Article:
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HK logs 3.3k COVID-19 cases

The Centre for Health Protection today said it is investigating 3,362 additional locally acquired COVID-19 cases, of which 493 were identified through nucleic acid tests and 2,869 via rapid antigen tests.   Separately, 118 imported cases were detected.   Furthermore, seven residential care homes for the elderly and one for disabled people logged nine cases involving their residents.   The Hospital Authority reported that 33 patients passed away in public hospitals. According to a preliminary analysis, the cause of death for 13 patients was related to COVID-19, while that of the remaining 20 patients was unrelated.   It also registered six more critical cases, bringing the number of patients in critical condition to 99.   As there were positive sewage test results with relatively high viral loads in several areas of Tuen Mun, Yuen Long and Kowloon City districts, the respective district offices will distribute COVID-19 rapid test kits to relevant residents as well as cleaning

Vaccine recommendations published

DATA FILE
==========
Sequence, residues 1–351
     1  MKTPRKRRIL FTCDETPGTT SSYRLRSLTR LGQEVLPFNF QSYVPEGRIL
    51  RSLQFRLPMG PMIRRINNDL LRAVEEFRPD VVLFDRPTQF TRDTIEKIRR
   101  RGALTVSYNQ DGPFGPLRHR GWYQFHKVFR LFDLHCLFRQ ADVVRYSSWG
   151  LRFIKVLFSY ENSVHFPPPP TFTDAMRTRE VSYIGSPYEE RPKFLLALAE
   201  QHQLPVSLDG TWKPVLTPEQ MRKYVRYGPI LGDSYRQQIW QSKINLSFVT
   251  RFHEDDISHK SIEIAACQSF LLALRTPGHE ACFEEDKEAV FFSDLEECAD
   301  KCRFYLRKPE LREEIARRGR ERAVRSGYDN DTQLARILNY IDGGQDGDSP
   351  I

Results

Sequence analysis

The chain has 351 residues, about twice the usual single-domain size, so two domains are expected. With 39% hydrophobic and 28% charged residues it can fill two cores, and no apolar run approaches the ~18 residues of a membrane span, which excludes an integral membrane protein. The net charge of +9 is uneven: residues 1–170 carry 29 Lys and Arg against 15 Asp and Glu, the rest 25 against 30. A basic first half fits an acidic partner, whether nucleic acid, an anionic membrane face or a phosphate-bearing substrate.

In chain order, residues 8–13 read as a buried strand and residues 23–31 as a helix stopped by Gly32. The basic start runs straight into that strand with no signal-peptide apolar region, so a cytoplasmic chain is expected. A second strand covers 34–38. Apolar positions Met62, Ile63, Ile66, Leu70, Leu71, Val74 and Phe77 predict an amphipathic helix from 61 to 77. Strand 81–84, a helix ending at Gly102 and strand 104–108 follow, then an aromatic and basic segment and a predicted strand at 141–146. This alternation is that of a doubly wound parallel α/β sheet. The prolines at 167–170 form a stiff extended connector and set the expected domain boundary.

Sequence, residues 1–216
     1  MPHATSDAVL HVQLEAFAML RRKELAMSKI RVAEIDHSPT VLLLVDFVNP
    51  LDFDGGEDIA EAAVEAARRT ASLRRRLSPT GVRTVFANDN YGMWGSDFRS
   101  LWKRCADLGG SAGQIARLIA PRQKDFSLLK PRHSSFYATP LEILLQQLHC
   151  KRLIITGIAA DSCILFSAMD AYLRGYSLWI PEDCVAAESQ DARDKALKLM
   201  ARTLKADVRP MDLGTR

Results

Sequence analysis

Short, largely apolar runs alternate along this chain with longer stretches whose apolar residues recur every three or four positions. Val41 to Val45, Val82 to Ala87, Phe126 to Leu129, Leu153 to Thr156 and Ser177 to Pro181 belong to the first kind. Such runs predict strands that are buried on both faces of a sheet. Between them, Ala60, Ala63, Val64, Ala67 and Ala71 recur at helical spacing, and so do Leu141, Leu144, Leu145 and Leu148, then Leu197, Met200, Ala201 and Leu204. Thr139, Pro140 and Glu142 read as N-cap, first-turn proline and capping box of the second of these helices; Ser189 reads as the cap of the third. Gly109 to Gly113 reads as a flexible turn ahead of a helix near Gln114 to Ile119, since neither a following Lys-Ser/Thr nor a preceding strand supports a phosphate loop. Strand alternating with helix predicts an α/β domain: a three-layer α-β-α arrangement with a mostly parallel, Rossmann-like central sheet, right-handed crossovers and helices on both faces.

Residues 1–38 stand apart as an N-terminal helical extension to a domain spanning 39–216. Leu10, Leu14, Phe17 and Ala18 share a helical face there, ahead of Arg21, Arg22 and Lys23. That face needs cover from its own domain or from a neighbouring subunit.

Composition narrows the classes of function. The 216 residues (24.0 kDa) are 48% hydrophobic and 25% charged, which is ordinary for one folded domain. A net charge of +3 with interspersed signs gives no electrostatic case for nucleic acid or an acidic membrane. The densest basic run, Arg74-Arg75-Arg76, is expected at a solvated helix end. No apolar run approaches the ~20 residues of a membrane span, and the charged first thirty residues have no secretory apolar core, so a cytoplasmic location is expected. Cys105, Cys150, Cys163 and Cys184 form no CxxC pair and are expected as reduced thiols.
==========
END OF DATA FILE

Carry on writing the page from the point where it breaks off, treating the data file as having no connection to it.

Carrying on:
The two scientific committees under the Centre for Health Protection convened a meeting today to provide recommendations on the use of COVID-19 vaccination for those with previous COVID-19 infection.   Joined by the Chief Executive’s expert advisory panel, the committees also discussed the existing evidence on COVID-19 vaccine effectiveness against different variants.       The meeting noted that previous COVID-19 infection usually confers immunity for at least six to nine months for the majority of patients. There is accumulating evidence showing that those previously infected with COVID-19 would be further protected by one dose of mRNA vaccines.   After receiving one dose of mRNA vaccine, these people may experience more systemic side effects, such as fatigue, headache, chills, muscle pain, fever and joint pain, when compared to those without prior infection.   People who wish to receive the mRNA vaccine should wait for at least 90 days after discharge from previous infection.   The meeting also noted that in general, studies have shown that the existing vaccines work well against the non-variant. The effectiveness data against variants differ by vaccines.   The Fosun Pharma/BioNTech vaccine is effective against the variants which first emerged in the UK and Brazil, but is less effective against the South African one.   There is currently limited efficacy data of CoronaVac developed by Sinovac Biotech (Hong Kong) against variants.   The vaccine developed by AstraZeneca in collaboration with the University of Oxford is effective against the UK variants but is ineffective against the South African one.   The meeting also agreed that the combination of non-pharmaceutical interventions with vaccination will allow for maximum protection against the virus. There is a need to continue social distancing, good hand hygiene and wearing a mask in public to reduce the risk of transmission.
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